IG Principles Among New HIM Developments in the Spotlight
From information governance (IG) to research to the increased use of health IT, new developments in the health information management (HIM) arena were in the spotlight during Tuesday’s general session.
Incoming AHIMA President Cassi Birnbaum, MS, RHIA, CPHQ, FAHIMA, described how her late brother’s encouragement inspired her professional interest in expanding HIM’s applied research pathway. Her brother, Joel Nagorner, died in 2010, and Birnbaum has created an endowed research scholarship fund to support evidence-based research in HIM through the AHIMA Foundation.
“Joel knew that I was passionate about my work in my own hospital as well as my efforts with the broader healthcare community in successfully making the transition from paper to electronic records with meaningful use as well as health information exchange efforts,” Birnbaum said. “I would share with him my vision of a patient-accessible electronic record that would facilitate patients’ involvement in their own care. He loved to travel the world, and I would describe to him the larger vision of a record accessible when and where it is needed.”
ONC Offers New Tools for Change
Judy Murphy, RN, FACMI, FHIMSS, FAAN, chief nursing officer in the Office of the National Coordinator for Health IT (ONC), highlighted the progress that has been made nationally in using health IT to drive healthcare transformation.
“The industry has focused on electronic health records (EHRs), but health IT is bigger than that,” she said. In her experience, Murphy said, “implementation was the easy part. The hard part was using the tool to make a change.”
ONC’s key priorities are interoperability and patient engagement, Murphy said. With regard to interoperability, “part of the way to get to that is to create consumer demand for it,” she said. “Patients should expect and demand that their information follows them.”
Murphy said that the “meaningful use” EHR Incentive Program has been an “amazing journey,” but it is just the beginning. The program has created a tipping point and a culture shift with regard to the automation and modernization of healthcare.
“It is taking us from using technology to improve access to information and then using that information to transform care,” Murphy said, noting that studies have shown that meaningful use has had positive effects on quality, safety, and efficiency.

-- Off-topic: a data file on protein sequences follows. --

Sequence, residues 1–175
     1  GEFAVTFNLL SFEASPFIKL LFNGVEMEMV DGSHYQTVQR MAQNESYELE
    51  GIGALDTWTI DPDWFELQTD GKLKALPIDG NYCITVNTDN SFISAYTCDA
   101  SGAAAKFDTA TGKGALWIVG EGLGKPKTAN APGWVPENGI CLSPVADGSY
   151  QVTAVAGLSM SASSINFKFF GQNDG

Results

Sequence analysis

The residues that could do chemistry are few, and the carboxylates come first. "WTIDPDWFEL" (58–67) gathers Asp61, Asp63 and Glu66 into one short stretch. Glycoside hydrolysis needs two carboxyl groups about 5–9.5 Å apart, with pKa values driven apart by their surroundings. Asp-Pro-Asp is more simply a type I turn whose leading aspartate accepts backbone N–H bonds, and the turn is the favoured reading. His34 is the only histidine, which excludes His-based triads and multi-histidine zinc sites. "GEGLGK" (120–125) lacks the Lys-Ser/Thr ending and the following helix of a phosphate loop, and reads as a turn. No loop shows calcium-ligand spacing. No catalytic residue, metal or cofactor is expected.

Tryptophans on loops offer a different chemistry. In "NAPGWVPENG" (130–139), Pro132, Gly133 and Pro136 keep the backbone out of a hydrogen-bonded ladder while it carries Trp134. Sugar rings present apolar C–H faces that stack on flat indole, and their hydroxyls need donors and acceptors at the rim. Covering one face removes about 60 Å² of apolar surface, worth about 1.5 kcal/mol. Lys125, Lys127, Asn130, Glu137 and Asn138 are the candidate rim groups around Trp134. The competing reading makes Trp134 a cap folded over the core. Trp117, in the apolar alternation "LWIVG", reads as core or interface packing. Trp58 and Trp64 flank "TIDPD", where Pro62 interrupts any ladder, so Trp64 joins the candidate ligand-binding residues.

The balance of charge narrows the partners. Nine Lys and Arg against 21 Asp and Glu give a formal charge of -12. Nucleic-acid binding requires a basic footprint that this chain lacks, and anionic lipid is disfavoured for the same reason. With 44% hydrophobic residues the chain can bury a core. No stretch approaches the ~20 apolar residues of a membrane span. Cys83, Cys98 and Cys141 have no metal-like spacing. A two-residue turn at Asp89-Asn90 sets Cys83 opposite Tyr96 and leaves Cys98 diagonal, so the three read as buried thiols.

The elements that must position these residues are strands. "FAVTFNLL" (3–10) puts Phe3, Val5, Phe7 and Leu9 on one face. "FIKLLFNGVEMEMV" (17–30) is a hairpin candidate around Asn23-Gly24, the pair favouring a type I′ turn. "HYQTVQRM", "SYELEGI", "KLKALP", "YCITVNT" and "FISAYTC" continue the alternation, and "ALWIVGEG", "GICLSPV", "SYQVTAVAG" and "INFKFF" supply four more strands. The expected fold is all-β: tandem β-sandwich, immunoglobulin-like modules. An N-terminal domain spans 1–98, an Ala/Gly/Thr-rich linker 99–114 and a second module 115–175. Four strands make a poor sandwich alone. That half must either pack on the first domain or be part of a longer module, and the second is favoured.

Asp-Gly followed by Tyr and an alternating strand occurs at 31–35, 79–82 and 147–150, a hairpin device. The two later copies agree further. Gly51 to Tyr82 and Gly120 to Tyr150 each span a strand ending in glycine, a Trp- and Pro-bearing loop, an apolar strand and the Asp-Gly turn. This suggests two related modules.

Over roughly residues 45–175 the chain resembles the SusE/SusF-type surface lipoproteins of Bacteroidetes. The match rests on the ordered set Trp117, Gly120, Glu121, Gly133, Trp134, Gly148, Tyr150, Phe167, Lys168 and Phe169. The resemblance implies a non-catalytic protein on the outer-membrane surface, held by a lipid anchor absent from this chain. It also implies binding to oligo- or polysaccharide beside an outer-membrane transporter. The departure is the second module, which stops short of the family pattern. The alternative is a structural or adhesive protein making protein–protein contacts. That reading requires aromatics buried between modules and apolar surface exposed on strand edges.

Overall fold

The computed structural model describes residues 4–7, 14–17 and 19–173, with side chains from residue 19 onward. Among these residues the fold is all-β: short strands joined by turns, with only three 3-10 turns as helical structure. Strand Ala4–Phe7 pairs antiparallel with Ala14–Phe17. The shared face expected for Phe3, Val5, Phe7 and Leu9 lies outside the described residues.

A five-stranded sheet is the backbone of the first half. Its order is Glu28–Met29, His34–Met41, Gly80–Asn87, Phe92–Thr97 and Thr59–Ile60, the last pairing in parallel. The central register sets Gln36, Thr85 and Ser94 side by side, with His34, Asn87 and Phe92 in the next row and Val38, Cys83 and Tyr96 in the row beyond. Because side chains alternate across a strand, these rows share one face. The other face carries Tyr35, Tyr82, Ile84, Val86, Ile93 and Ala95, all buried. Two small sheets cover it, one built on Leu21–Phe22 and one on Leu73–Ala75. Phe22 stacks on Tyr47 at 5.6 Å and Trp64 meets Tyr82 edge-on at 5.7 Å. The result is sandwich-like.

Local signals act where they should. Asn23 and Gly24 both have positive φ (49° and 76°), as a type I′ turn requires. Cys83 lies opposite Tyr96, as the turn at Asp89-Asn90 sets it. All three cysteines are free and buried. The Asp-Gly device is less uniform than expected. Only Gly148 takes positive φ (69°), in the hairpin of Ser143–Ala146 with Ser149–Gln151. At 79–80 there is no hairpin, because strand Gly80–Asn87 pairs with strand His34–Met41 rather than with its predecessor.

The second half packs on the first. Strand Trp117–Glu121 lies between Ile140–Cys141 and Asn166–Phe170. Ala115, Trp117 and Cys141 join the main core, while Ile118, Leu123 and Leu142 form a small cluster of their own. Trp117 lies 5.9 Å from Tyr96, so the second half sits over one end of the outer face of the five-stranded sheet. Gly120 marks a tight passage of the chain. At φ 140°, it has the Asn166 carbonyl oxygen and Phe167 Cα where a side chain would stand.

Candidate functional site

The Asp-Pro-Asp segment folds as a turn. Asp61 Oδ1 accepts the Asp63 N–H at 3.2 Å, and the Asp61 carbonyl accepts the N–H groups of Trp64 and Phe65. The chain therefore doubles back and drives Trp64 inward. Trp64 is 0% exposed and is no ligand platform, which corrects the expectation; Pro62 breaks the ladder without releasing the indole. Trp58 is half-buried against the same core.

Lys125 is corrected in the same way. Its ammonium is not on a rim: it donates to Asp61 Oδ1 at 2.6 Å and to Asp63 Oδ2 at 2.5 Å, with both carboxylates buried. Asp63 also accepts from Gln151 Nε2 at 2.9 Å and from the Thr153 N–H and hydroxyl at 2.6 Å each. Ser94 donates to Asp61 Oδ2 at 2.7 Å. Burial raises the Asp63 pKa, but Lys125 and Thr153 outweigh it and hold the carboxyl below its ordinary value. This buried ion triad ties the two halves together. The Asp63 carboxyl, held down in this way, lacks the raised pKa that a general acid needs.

Murphy highlighted other resources that ONC has created to promote interoperability and patient engagement, as well as a new practice transformation toolkit for providers “that really helps you move the EHR to the next level,” she said. The resources are available on ONC’s website.
IG Principles will Filter the Flood of Health Information
AHIMA’s EVP/Operations and COO Deborah Green, MBA, RHIA, unveiled the first Information Governance Principles for Healthcare, developed by AHIMA and industry experts to guide healthcare organizations in adopting an information governance (IG) program. Green said that the flood of healthcare information “is not retreating; the levels of information are going to rise and rise.”
But, she said, the lack of agreed-upon rules and standards in the healthcare environment, the expanding uses and sources of information, and the current state of interoperability are all posing challenges to health information managers. That, she said, is why the industry needs IG.
“Governance of information is the higher ground,” Green said.
The release of the principles, which can be downloaded from ahima.org, signals AHIMA’s commitment to harnessing information to achieve the goals of improving population health, enhancing patient outcomes and experience, and reducing costs.
“It’s an important strategic vehicle for organizations in terms of reaching the Triple Aim,” Green said.
Adopting IG will also help organizations establish policies, determine accountability, establish information life cycles, protect information, and promote investments in information technology, she said.
Green emphasized that the principles do not focus on one type of healthcare organization, nor is their application limited to one type of data or one kind of media. Instead, IG will provide “a coordinating layer across all functions, so that we can rely on and trust information,” Green said.
Galina Datskovsky, PhD, IGP, CRM, a member of AHIMA’s IG Task Force, introduced AHIMA’s IG Framework, which includes the principles, a maturity model, and resources organizations can use to operationalize IG. She walked the audience through the eight principles: accountability, transparency, integrity, protection, compliance, availability, retention, and disposition.
AHIMA will next release a maturity model that organizations can use to measure their programs against the principles. There will be five levels of maturity ranging from “not started” to “transformational.”
Next year, pilot programs will “serve as a proving ground” for the maturity model and tools, Green said. In the future, AHIMA hopes to build an industry assessment tool to benchmark the level of IG adoption.
Armed with these tools, HIM professionals can stanch the rising flow of proliferating health information. “We have arrived at higher ground,” Green said.
Catch up on the news and get insights from AHIMA’s 86th annual Convention and Exhibit held September 27-October 2 in San Diego, CA. For a complete list of event coverage on the Journal of AHIMA website, click here.